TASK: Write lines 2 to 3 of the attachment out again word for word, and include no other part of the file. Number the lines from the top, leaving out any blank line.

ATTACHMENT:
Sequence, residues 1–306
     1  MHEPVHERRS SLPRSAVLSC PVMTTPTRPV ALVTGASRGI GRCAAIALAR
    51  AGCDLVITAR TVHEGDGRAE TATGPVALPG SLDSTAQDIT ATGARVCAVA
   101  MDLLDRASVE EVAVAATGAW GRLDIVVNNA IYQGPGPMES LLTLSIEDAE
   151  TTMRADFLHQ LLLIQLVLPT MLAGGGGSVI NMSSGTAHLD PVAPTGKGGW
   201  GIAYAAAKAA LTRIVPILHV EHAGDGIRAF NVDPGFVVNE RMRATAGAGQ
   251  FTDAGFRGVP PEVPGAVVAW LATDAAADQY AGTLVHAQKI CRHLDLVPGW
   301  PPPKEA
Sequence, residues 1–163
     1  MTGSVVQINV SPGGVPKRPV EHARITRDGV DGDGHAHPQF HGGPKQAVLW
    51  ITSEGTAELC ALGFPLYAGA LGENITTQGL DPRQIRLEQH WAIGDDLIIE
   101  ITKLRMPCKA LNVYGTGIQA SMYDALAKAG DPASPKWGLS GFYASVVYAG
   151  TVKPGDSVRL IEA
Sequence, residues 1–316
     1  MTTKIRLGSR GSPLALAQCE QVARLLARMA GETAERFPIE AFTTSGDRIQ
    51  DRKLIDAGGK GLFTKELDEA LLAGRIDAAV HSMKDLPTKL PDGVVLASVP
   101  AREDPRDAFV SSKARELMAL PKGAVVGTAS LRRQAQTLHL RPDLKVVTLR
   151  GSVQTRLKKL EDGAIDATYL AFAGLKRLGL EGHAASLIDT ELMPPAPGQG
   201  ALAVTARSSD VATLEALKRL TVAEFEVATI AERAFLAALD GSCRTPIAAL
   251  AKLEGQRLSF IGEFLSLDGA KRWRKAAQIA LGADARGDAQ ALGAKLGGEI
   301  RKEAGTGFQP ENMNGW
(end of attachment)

     1  MHEPVHERRS SLPRSAVLSC PVMTTPTRPV ALVTGASRGI GRCAAIALAR
    51  AGCDLVITAR TVHEGDGRAE TATGPVALPG SLDSTAQDIT ATGARVCAVA